Without this seemingly arbitrary grading rule, goods to write about were not scarce. By changing the grading rules, goods to write about became scarce. While there are many more goods to write about than students, certain goods stand out in the mind, and extra effort must be devoted in thinking up a new good, and finding out if someone had already looked around their room and chosen the same good. Now students also had to coordinate amongst themselves or run the risk of a fairly severe penalty to their grade.

As expected, I have never had to enforce the the harsh grading penalties (anecdotal, I know). Students always find a way to coordinate and establish property rights over suddenly scarce goods. The point of the assignment was no longer about I pencil, but about the emergence of property rights and social coordination (and hopefully a little bit about I pencil as well). I didn’t act as a central authority that imposed and enforced property rights. I merely changed the incentives and constraints, hoping that the costs of coordinating and setting up agreements was smaller than the costs of not doing this.

When they turned in their assignment, we discussed how they had actually coordinated. Over the years I have seen multiple ingenious mechanisms. From class forums using the university platform, to a simple spreadsheet circulated amongst the students via email or WhatsApp. In the good old times before the pandemic they would sometimes meet after class and sort it out in person. Sometimes they created a common pool of goods and one of their classmates is chosen to distribute them among their peers. Leaders emerge to fill various roles from dispute resolution to registering claims. How this person is chosen also varies from class to class. Some students volunteer, others have it thrust upon themselves. The use of a homesteading rule is fairly common, first to choose gets the good in cases where there are multiple claims. In class we discuss why they use this rule, rather than last to choose gets the good, and the problems this alternative would entail.

I have only had one instance of a strong and contested dispute among “property owners”. That semester students had to not only write but present their work. Two groups (that semester “I _____” was a group assignment) wanted to do a good they thought would be amusing to present in class. I’ll leave it up to your imagination what good students in their late teens and early twenties might find to be amusing to present in class. The two groups of students underwent a rather complicated dispute resolution system with the rest of the class playing the role of arbiters of the multiple claims to the same good. Neither group wanted to budge, but one group ended up ceding the rights in the end.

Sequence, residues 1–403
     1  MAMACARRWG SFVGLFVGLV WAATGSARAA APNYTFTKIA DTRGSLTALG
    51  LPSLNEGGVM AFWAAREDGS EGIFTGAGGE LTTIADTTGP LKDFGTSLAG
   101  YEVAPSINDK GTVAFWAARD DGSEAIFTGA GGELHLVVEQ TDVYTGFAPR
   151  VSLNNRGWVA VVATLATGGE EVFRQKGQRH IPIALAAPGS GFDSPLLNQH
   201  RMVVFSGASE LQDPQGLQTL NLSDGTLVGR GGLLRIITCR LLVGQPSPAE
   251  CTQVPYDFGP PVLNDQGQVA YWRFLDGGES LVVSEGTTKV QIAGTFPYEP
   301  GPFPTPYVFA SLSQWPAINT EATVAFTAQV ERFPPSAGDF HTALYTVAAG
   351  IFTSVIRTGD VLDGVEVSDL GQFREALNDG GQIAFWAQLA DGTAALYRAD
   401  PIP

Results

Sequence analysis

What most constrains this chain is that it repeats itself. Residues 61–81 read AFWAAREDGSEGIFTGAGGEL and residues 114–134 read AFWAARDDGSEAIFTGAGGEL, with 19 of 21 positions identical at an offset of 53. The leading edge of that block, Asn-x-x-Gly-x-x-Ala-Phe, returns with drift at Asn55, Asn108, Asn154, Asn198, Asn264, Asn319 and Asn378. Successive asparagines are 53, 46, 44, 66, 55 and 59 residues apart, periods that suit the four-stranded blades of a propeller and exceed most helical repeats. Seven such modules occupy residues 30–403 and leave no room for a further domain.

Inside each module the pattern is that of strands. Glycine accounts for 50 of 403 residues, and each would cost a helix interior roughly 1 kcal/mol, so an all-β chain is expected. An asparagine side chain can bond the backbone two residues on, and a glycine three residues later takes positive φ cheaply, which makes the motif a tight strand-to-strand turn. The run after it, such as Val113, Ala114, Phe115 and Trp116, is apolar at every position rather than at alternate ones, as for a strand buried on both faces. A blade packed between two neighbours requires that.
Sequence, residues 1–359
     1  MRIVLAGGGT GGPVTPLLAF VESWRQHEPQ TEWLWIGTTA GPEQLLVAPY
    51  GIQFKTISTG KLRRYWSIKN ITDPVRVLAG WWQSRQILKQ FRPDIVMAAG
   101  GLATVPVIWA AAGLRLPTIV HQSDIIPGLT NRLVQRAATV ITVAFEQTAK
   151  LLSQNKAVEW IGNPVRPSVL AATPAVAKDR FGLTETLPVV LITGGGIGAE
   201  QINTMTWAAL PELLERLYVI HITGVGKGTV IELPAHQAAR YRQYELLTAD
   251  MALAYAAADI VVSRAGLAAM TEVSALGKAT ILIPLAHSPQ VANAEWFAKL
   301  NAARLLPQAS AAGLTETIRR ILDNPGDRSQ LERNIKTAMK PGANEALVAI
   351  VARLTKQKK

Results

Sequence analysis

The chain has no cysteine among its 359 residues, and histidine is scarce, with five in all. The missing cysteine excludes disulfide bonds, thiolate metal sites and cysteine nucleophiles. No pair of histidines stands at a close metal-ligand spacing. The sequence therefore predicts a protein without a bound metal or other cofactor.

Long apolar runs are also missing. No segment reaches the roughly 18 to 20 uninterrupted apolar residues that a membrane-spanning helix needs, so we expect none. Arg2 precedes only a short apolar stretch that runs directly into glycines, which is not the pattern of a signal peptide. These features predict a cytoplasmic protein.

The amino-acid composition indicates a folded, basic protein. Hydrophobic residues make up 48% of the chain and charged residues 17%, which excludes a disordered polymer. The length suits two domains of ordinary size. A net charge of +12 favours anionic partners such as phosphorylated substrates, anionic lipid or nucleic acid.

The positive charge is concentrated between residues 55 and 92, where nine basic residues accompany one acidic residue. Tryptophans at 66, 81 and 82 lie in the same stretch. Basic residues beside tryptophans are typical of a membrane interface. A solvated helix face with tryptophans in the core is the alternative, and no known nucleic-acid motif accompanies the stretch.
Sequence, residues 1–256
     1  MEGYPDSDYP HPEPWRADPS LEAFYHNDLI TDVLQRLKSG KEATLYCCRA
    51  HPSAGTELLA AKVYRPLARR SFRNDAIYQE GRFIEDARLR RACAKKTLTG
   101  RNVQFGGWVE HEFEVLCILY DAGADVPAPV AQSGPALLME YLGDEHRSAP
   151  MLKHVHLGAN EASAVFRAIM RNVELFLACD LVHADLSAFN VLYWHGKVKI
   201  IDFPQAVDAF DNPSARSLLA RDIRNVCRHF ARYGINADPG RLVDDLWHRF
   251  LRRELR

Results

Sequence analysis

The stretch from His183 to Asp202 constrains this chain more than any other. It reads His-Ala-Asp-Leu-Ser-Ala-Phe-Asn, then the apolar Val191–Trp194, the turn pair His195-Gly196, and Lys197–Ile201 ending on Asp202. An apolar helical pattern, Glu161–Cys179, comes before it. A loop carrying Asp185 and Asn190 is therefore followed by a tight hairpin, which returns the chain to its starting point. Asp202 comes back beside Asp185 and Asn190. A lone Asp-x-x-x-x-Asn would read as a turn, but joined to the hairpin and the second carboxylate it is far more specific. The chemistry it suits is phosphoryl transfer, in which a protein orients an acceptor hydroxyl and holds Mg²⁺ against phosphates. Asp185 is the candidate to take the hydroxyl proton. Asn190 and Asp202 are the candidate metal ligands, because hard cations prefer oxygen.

What I like about this little classroom demonstration is that it makes it easier to teach the emergence of institutions as the products of human action but not human design. Order without design is a difficult concept to grasp, but maybe even more importantly it is a concept that is difficult to accept. But after this demonstration, not anymore, students experience the emergence of property rights. An added bonus is that in this case scarcity is clearly a product of the relation between their minds and how they relate to the world, not about objective quantities of goods.

Property rights emerge through their coordination but are not centrally imposed. They coordinate because a change in the environment turned a previously free good, the subject of their short “I ____” essay, into a scarce (economic) good. As you can probably tell Harold Demsetz is one of my favorite economists of all time. After the barrier of disbelief is breached, we can easily talk about the spontaneous emergence of money, cover a little about how property rights emerged in whaling on the high seas, and the spontaneous origin of law (very useful for future law students usually educated in the positivist tradition, as is the norm in Ecuador).

I later learned of the fish game (I am not an experimentalist). But, no disrespect intended, it seems a little contrived. I still like my assignment better. While the goldfish game teaches the tragedy of the commons, the “I _____” assignment teaches how the tragedy can be solved without a centralized authority by having students solve if for themselves and come to grips with the real limitations and problems they faced, albeit on a much smaller scale. I am still hoping for an experimentalist that thinks something serious can be made out of my little classroom demonstration.